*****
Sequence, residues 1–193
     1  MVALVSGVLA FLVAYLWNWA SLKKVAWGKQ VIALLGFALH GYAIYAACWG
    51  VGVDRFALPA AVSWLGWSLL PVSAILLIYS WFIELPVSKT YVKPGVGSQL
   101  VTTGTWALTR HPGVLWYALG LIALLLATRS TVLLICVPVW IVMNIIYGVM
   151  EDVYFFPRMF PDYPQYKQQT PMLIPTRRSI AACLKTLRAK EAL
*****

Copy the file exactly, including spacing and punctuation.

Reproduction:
Sequence, residues 1–193
     1  MVALVSGVLA FLVAYLWNWA SLKKVAWGKQ VIALLGFALH GYAIYAACWG
    51  VGVDRFALPA AVSWLGWSLL PVSAILLIYS WFIELPVSKT YVKPGVGSQL
   101  VTTGTWALTR HPGVLWYALG LIALLLATRS TVLLICVPVW IVMNIIYGVM
   151  EDVYFFPRMF PDYPQYKQQT PMLIPTRRSI AACLKTLRAK EAL